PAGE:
Stacey’s Dance Studio honors small business successes after COVID

Photos by Janelle Patterson Sarah Brooker, 18, of Williamstown, descends in a dance en pointe at The Anchorage in Marietta on Friday.

If you go

¯ What: Stacey’s Dance Studio recital honoring local businesses who survived coronavirus shutdowns.

¯ Where: Odyssey theater in the Lafayette Plaza in Marietta.

¯ When: Wednesday at 6 p.m. and 7:45 p.m.; Thursday at 6 p.m.

¯ Purchase tickets for $12 only at Stacey’s Dance Studio, 205 Pike St., Monday and Tuesday.

Left to right: Sarah Brooker, Olivia Huck, Cassidy Graham and Jalen Thompson dance for the filming of the Stacey’s Dance Studio recital. The recorded premier is scheduled for debut Wednesday and Thursday at the Odyssey theater in Marietta.

Source: Stacey Johnson.

Last year, many local businesses had to dance.

“The regulations were changing, it was something new all the time,” described Stacey Johnson, of Marietta. “And it was especially hard for small business owners.”

So to celebrate not only surviving the pandemic as a small business but also cheer on those who similarly had to pivot and pirouette throughout 2020 health recommendation changes, economic uncertainty and familial heartache, Stacey’s Dance Studio gathered its 67 dancers ages 18 months to 18 years old in 25 differing dance combinations of ballet, jazz, tap, contemporary, lyrical, pointe and musical theater to celebrate community resiliency.

“We want to rejoice, all the businesses that were able to stay open during COVID,” said the studio owner. “Some of the businesses we chose are studio family, some are our favorite local restaurants, the ones that feed our dancers. We had to just pick 25, but we wanted to celebrate getting through something we’ve never seen in our lifetimes.”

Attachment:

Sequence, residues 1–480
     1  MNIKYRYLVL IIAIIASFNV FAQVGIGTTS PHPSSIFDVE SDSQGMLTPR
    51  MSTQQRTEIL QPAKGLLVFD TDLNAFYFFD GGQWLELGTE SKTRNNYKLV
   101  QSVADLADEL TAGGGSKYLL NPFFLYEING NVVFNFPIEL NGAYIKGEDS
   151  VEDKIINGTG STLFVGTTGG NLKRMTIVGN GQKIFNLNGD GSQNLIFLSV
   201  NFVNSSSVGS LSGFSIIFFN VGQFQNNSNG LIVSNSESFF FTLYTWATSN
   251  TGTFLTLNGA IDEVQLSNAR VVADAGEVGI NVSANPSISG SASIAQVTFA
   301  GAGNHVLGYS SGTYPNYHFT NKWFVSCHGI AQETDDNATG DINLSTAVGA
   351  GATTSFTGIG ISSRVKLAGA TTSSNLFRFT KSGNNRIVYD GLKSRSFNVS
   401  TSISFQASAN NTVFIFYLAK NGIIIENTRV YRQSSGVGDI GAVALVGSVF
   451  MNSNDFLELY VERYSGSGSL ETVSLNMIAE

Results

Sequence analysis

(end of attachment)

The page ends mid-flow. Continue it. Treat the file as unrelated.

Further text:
Olivia Huck, 16, of Warren Township, dances between the pillars of The Anchorage in Marietta on Friday.

The studio’s 25 dances were filmed, many on-location of the businesses honored, to be cut together into a short film.

Friday’s final filming was at The Anchorage, honoring both the Washington County Historical Society and Hidden Marietta.

“Some smaller businesses, you don’t see their names every day, but they matter just as much as the history of our town,” Johnson explained.

This film will serve as a recital, too, for the dancers who stuck with their passion despite a tumultuous year.

“Because our families and our dancers stuck with us, we were able to stay open, hold classes virtually, we were able still to do competitions though they were completely different this year,” Johnson explained. “This year was nothing like what we’re used to seeing, but it was still fantastic and they were so resilient through everything … Dance is hard, but when you put in the hard work the reward is amazing. And though they knew this was going to be a hard thing, they all wanted to dance so badly that they did the work to come back … their resilience, their drive and love for dance, that was the motivator to try and make it through.”

Megan Mestuzzi, 16, raises her arms into fifth position during the filming of a dance on the porch of The Anchorage on Friday.

Other businesses honored in the recital also include:

¯ Bella Via Salon.

¯ The Busy Bee.

¯ The Cook’s Shop.

¯ Dad’s Primitive Workbench.

¯ Goldline Jewelers.

¯ Jill Martin Photography.

¯ Joe Momma’s Kitchen.

¯ Kev’s Kars.

¯ Lady Envy Tattoo.

¯ Lisa’s Sweet Stop.

¯ Mallett Rentals.

¯ Marietta Brewing Company.

¯ Marietta Gretta.

¯ Nailvana.

¯ Peddler of Dreams.

¯ Putnam Chocolates.

¯ Rockstar Wellness LLC.

¯ Shirt Tales.

¯ Stoked Coffee.

¯ Tampico’s.

¯ We Love Pets.

¯ Witten’s Farms.

¯ Wit and Whimzy.

“As a community, we made it,” said Johnson.

But for Sarah Brooker, 18, of Williamstown, the best part of the off-beat recital?

“Just getting to be with my bestie girls again,” she said. “Last year just kind of ended without getting to dance with some of my besties who graduated. But now, it’s good to be back, to be dancing and teaching the little ones.”

Brooker said next up on her list is continuing her education with the goal of becoming a speech-language pathologist.

Janelle Patterson may be reached at jpatterson@mariettatimes.com.


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